Bruce Arnold: We ignore legal challenge to ESM Treaty at our peril
There has been little praise for Thomas Pringle's legal action to try and stop the Government from its foolishness in seeking to push through the ratification of the ESM Treaty. And there has been virtually no interest in the media and very little intelligent comment.
Since early April, I have been writing about the Pringle challenge. His case was rooted in the idea that both Irish and European law were being breached in the interest of a new euro-centred group and not the whole EU, thus invisibly rewriting treaties. Our constitutional duty was to protect the (EU) Treaties as written and not defend the euro on behalf of the 17 euro states at the expense of the interests of the remaining 10 members who are not yet part of the euro.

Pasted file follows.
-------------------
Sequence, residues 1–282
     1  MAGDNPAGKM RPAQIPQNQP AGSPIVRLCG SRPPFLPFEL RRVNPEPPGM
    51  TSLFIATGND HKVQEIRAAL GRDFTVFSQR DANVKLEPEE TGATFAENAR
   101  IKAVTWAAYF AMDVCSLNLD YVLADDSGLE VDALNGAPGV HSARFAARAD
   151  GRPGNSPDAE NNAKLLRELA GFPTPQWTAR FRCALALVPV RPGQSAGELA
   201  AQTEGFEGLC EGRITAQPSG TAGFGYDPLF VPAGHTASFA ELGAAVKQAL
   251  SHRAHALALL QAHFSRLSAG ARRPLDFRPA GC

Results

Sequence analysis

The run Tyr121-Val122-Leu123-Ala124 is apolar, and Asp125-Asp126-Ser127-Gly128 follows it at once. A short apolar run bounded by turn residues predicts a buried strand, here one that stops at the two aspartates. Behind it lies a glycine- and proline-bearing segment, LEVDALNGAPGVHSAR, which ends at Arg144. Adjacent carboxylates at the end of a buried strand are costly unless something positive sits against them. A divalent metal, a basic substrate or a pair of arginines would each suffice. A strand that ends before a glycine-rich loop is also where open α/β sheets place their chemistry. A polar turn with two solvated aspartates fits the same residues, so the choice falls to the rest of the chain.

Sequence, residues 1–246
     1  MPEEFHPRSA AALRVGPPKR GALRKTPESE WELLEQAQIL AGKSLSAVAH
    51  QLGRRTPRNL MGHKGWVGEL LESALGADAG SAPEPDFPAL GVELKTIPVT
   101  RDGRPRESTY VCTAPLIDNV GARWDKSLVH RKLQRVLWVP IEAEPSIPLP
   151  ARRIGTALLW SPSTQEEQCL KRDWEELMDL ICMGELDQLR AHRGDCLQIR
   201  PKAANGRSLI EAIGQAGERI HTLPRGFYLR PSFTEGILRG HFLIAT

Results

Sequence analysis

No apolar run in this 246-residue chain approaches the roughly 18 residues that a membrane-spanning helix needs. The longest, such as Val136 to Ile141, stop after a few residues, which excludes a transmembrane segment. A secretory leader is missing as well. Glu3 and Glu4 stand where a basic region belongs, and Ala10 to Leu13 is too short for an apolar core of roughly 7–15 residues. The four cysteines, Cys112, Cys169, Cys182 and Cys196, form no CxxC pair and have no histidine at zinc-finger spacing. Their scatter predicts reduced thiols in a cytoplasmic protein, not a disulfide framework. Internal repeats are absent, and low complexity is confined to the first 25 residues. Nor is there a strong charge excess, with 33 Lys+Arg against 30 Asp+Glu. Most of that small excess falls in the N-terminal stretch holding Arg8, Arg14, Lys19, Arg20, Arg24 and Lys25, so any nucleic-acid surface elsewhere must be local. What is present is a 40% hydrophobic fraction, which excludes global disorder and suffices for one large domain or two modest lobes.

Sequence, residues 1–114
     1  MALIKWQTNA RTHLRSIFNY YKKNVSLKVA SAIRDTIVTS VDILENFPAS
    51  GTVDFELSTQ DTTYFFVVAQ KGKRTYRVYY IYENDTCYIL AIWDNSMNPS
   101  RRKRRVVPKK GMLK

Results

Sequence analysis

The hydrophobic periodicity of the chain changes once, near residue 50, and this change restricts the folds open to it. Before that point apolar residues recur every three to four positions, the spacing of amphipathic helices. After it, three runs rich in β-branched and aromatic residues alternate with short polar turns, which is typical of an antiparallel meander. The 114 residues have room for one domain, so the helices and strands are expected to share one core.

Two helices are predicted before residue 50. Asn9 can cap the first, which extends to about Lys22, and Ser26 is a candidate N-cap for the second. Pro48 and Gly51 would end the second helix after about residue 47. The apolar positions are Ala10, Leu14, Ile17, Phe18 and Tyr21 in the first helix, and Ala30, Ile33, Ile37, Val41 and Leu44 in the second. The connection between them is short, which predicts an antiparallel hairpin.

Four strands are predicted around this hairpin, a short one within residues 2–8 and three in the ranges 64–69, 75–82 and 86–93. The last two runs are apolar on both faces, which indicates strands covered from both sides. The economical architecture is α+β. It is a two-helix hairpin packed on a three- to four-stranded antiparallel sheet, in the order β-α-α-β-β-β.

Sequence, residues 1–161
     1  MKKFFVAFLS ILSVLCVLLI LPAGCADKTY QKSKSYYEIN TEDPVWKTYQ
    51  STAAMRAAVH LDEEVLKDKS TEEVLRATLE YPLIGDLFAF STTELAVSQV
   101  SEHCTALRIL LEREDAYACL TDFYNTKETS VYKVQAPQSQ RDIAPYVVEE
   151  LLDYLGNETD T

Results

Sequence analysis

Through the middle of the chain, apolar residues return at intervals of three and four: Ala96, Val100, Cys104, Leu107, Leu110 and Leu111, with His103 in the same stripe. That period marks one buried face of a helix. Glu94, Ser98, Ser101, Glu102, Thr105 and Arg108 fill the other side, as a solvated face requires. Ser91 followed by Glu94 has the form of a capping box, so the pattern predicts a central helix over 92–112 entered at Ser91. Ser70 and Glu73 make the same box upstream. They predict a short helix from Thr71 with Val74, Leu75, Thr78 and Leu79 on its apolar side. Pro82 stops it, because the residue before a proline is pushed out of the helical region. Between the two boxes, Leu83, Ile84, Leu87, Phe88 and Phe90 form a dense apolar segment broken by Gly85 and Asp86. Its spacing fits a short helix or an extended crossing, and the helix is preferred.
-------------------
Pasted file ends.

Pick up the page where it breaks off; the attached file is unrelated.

Last week in the Supreme Court, Mr Pringle achieved judgments of a kind that recognised this new European dilemma. The court, it seems, is prepared to hand over to the European Court of Justice the points in the case as made by Mr Pringle that require further analysis and judgment. The hearing was unprecedented in many ways, including the number of Supreme Court judges -- seven -- who conclude their judgment tomorrow.